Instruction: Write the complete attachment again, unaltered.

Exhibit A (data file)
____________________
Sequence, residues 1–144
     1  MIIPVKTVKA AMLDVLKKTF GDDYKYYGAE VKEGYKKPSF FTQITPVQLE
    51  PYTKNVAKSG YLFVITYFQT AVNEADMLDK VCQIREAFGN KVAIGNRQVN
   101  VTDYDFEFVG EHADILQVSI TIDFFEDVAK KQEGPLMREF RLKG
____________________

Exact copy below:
Sequence, residues 1–144
     1  MIIPVKTVKA AMLDVLKKTF GDDYKYYGAE VKEGYKKPSF FTQITPVQLE
    51  PYTKNVAKSG YLFVITYFQT AVNEADMLDK VCQIREAFGN KVAIGNRQVN
   101  VTDYDFEFVG EHADILQVSI TIDFFEDVAK KQEGPLMREF RLKG